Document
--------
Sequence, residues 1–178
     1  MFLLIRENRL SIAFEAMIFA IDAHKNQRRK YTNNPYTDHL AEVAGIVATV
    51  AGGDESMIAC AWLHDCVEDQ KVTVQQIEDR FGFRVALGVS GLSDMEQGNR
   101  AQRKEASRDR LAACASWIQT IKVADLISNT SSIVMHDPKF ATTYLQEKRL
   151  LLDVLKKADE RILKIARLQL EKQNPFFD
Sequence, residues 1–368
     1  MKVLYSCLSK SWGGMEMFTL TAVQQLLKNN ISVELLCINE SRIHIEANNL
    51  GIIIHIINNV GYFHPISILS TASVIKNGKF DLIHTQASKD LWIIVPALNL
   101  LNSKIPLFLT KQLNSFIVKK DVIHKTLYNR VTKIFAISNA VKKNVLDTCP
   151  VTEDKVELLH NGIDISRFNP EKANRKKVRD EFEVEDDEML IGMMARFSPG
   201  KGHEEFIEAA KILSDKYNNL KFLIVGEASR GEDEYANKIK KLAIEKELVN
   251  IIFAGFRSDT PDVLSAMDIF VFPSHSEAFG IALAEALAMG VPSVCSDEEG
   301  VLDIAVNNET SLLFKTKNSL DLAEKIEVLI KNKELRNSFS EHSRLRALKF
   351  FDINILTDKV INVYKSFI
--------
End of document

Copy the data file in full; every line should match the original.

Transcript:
Sequence, residues 1–178
     1  MFLLIRENRL SIAFEAMIFA IDAHKNQRRK YTNNPYTDHL AEVAGIVATV
    51  AGGDESMIAC AWLHDCVEDQ KVTVQQIEDR FGFRVALGVS GLSDMEQGNR
   101  AQRKEASRDR LAACASWIQT IKVADLISNT SSIVMHDPKF ATTYLQEKRL
   151  LLDVLKKADE RILKIARLQL EKQNPFFD
Sequence, residues 1–368
     1  MKVLYSCLSK SWGGMEMFTL TAVQQLLKNN ISVELLCINE SRIHIEANNL
    51  GIIIHIINNV GYFHPISILS TASVIKNGKF DLIHTQASKD LWIIVPALNL
   101  LNSKIPLFLT KQLNSFIVKK DVIHKTLYNR VTKIFAISNA VKKNVLDTCP
   151  VTEDKVELLH NGIDISRFNP EKANRKKVRD EFEVEDDEML IGMMARFSPG
   201  KGHEEFIEAA KILSDKYNNL KFLIVGEASR GEDEYANKIK KLAIEKELVN
   251  IIFAGFRSDT PDVLSAMDIF VFPSHSEAFG IALAEALAMG VPSVCSDEEG
   301  VLDIAVNNET SLLFKTKNSL DLAEKIEVLI KNKELRNSFS EHSRLRALKF
   351  FDINILTDKV INVYKSFI